A swirling mass of Arctic air moved south into the continental United States in early January 2014. On January 3, the air mass began breaking off from the polar vortex, a semi-permanent low-pressure system with a center around Canada’s Baffin Island. The frigid air was pushed south into the Great Lakes region by the jet stream, bringing abnormally cold temperatures to many parts of Canada and the central and eastern United States.
When the cold air passed over the relatively warm waters of Lake Michigan and Lake Superior, the contrast in temperatures created a visual spectacle. As cold, dry air moved over the lakes, it mixed with warmer, moister air rising off the lake surfaces, transforming the water vapor into fog—a phenomenon known as steam fog.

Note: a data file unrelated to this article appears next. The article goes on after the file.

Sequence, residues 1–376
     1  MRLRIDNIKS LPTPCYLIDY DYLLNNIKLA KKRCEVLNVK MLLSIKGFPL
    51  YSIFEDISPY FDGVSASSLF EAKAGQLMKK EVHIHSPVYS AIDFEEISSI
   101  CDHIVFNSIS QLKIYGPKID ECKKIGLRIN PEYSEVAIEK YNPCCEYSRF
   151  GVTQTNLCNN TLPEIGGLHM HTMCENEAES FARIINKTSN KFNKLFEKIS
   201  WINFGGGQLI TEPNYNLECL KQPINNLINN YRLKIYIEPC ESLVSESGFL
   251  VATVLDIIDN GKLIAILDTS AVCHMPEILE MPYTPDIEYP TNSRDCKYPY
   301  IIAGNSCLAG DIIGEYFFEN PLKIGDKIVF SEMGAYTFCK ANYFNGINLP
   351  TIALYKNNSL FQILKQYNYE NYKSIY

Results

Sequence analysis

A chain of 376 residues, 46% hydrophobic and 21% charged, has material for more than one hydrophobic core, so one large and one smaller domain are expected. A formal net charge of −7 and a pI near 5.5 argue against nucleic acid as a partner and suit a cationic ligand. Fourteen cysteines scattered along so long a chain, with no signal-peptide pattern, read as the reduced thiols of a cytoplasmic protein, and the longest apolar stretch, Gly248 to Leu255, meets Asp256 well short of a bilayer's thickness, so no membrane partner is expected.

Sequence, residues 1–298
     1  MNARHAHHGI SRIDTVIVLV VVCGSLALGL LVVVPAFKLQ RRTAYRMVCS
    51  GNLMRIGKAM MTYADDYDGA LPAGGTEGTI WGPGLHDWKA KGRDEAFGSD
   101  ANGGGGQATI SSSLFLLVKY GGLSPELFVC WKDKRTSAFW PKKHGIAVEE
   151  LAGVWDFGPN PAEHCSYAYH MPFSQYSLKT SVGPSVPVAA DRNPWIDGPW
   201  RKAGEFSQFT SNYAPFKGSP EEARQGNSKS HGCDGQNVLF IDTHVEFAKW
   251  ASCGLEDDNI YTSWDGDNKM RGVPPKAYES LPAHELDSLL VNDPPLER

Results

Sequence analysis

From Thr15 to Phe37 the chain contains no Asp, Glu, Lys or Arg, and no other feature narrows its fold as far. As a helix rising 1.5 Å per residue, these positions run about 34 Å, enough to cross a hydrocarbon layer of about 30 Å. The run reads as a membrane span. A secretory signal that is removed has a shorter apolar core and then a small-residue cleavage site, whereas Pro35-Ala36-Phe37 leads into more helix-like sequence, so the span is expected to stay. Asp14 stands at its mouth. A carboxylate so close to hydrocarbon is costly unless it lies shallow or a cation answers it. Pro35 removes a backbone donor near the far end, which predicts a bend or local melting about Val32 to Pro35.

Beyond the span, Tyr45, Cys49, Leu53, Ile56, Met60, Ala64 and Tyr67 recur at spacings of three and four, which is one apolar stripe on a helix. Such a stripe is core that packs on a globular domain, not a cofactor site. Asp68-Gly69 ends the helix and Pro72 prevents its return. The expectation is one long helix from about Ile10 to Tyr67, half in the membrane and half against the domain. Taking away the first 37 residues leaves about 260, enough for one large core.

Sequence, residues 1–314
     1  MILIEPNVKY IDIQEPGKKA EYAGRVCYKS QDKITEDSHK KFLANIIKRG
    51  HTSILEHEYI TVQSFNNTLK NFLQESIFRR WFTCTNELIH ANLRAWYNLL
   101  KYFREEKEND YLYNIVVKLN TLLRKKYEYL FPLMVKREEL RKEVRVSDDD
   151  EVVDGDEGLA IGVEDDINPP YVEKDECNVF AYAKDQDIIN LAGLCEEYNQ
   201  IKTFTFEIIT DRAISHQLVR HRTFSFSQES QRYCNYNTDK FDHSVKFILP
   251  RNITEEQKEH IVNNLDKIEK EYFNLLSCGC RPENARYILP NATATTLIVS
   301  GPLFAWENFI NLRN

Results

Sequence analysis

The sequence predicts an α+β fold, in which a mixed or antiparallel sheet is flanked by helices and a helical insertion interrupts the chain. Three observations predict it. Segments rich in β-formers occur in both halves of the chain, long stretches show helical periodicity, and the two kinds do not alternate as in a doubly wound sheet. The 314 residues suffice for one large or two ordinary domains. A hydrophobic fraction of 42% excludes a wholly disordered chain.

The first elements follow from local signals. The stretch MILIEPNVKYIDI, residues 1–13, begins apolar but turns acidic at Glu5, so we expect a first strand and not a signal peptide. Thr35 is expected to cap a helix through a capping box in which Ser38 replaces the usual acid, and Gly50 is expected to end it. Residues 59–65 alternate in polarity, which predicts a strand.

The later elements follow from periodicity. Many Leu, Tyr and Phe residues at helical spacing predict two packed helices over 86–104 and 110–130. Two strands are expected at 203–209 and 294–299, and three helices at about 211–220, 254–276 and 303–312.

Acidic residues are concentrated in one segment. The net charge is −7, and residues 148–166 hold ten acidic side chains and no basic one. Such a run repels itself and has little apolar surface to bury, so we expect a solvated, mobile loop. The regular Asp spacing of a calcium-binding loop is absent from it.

On January 6, 2014, the Moderate Resolution Imaging Spectroradiometer MODIS on NASA’s Terra satellite captured this natural-color image (top) of fog forming over the lakes and streaming southeast with the wind. A false-color image (bottom) produced with data from the same instrument helps illustrate the difference between snow (bright orange), water clouds (white), and mixed clouds (peach). Water clouds are formed entirely by liquid water drops; mixed clouds contain both water droplets and ice crystals.
To see what the steam fog looked like from the ground, view the video clips included as part of this story in the Huffington Post.
- Weather Underground (2014, January 6) What’s a Polar Vortex?: The Science Behind Arctic Outbreaks. Accessed January 6, 2014.
- NOAA (2014, January 6) Types of Fog. Accessed January 6, 2014.
NASA Earth Observatory images by Jesse Allen and Robert Simmon, using data from LANCE/EOSDIS Rapid Response. Caption by Adam Voiland.